Beirut (Agenzia Fides) The Maronite Patriarch Boutros Bechara Rai intervened in the debate which reopened in Lebanese society on the legal recognition of civil marriage, and the interlocutory expressions used by him are interpreted by many as a sign of readiness to deepen the discussion without prejudice .
In his statements, after a meeting between the Patriarch Rai and Lebanese President Michel Aoun, the Primate of the Maronite Church reported not to be absolutely against a law that recognizes marriage as a civil bond. If civil marriage became law, then it would be mandatory for all.
"We are not against civil marriage completely, but show us one law in Lebanon or in the world that is optional. Laws are binding", remarked Patriarch Rai. "If instead we introduce a mandatory law to attest and sanction the nature of marriage - and of every marriage - as a civil bond, "then it would be my duty as Patriarch - added the Primate of the Maronite Church" to explain to the Maronites, that marriage is one of the seven sacraments of the church, to be celebrated if they want to live their Christianity in an authentic way". And this is because everyone has the responsibility to make his own decisions in conscience before God, since "it is God, not me, who judges actions".
Also in the past, on several occasions, Patriarch Rai - created Cardinal in 2012 by Pope Benedict XVI - had expressed his opinion in favor of a law on "mandatory civil marriage" in order to recognize the civil effects of all the Lebanese conjugal unions, regardless of the religious confession of belonging. In his new statements, the Patriarch also rejected the controversy of those who argue that Lebanese religious hierarchies oppose the legal regulation of civil marriage in order not to have to renounce the economic contributions collected to celebrate and register religious marriages.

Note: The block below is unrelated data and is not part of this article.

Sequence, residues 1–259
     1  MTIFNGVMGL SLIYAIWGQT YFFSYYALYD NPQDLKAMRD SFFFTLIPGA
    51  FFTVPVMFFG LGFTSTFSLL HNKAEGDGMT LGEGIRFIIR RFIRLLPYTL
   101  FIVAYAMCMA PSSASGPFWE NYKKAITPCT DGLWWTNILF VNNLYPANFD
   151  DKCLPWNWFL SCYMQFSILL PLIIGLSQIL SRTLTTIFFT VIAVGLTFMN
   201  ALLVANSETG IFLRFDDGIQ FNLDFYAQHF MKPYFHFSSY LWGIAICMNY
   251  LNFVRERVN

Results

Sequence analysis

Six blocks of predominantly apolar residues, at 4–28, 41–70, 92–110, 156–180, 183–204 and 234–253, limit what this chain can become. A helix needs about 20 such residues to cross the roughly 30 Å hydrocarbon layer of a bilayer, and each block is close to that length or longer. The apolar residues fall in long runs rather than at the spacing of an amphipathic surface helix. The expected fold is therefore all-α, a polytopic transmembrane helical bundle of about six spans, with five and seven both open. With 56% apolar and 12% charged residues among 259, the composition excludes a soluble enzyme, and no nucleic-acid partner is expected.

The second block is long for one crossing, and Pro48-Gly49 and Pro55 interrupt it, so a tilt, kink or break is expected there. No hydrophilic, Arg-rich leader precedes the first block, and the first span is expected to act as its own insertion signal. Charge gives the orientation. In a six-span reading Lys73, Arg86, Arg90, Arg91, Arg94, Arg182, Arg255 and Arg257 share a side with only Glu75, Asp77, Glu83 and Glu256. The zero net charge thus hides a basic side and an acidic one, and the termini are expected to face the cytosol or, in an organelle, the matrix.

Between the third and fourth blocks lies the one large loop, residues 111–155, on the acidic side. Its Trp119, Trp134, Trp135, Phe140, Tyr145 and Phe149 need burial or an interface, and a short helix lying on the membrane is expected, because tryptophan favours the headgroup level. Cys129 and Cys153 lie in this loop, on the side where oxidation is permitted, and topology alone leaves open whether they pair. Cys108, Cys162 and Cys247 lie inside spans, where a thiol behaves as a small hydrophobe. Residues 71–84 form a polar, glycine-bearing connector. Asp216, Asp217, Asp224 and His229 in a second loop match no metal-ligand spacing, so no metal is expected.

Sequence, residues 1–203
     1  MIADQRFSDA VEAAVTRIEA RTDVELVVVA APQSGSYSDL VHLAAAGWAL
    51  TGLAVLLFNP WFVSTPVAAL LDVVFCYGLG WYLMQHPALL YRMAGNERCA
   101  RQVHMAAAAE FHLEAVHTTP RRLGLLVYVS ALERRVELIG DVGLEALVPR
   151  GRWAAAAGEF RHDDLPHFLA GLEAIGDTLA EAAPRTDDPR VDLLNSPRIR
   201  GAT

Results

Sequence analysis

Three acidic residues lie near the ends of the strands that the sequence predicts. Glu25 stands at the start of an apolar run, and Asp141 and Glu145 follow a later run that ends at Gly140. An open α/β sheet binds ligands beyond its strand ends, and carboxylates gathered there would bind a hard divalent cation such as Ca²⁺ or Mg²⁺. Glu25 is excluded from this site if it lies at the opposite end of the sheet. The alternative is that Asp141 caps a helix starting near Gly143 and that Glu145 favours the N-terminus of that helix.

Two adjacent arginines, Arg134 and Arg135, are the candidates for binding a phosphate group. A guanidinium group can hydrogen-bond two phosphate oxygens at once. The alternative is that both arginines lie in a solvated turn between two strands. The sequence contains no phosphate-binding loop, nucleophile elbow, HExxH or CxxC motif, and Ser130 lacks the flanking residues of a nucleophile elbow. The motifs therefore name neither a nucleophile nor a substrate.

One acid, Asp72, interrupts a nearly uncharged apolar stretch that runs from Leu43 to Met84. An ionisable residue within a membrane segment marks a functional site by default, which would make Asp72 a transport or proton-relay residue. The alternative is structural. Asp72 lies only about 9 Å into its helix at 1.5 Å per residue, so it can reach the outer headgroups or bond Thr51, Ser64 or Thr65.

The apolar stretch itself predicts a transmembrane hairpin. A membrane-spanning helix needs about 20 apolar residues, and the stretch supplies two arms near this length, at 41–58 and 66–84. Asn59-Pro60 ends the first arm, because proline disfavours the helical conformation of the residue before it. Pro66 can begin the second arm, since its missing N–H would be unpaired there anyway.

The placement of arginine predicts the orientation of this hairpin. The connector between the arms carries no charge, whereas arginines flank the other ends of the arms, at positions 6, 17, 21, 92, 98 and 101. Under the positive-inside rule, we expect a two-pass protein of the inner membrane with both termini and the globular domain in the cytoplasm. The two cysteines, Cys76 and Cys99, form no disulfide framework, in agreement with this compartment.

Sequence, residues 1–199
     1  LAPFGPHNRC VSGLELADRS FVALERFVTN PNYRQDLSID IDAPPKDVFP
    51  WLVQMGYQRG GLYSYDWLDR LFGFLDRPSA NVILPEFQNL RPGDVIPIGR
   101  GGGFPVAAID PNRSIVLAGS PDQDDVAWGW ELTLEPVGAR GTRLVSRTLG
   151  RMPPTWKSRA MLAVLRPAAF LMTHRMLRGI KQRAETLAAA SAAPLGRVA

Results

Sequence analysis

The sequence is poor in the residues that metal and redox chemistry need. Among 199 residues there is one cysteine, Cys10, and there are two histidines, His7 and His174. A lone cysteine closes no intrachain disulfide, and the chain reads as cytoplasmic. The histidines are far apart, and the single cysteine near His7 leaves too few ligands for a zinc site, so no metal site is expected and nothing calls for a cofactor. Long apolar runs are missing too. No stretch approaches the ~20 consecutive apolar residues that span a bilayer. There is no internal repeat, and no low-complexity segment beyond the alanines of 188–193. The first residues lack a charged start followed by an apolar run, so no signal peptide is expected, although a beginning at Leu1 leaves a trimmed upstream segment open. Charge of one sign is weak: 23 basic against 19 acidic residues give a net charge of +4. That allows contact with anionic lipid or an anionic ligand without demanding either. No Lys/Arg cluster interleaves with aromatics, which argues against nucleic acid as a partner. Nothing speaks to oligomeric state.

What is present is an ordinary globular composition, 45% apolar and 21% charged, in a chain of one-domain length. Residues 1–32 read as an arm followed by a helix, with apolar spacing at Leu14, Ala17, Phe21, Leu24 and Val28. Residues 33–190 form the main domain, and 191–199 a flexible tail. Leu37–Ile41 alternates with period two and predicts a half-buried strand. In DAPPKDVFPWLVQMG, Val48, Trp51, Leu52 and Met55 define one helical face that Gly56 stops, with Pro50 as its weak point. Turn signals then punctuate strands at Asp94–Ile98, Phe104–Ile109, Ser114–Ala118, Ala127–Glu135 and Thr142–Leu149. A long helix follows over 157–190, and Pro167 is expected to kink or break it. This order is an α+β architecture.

The possible approval of a law on civil marriage in Lebanon would necessarily imply an amendment to Article 9 of the Constitution, according to which the personal status of each Lebanese is regulated according to the legal provisions and practices of their own religious community.
As reported by Fides (see Fides 21/2/2019) the debate on civil marriage has stirred tensions in Lebanon after the newly appointed interior minister, Raya Hassan, reignited the issue for its recognition by religious authorities. But several religious and political leaders have already expressed their opposition to the prospect of a legal recognition of civil marriage. Lebanon’s highest Sunni authority, Dar Al Fatwa, published a statement to express its “absolute rejection” of the idea saying that it contradicts Islamic law. Also Father Abdo Abou Kassem, the Catholic Church's spokesman, argued that an optional civil marriage is “wrong” and “confusing” and reaffirmed that on this point Lebanese Christians and Muslims are united, and that the Catholic Church does not support civil marriage because it contradicts the concept of the ‘sacrament of marriage.
Much of Lebanese civil law, including personal status matters such as marriage, divorce and inheritance, is applied according to the relevant religious sect. Lebanon has 18 recognized Muslim and Christian sects.
So far, Lebanese couples who want to celebrate their civil marriage resort to the stratagem of civilly marrying in Cyprus and then register their union in Lebanon. (GV) (Agenzia Fides, 23/2/2019)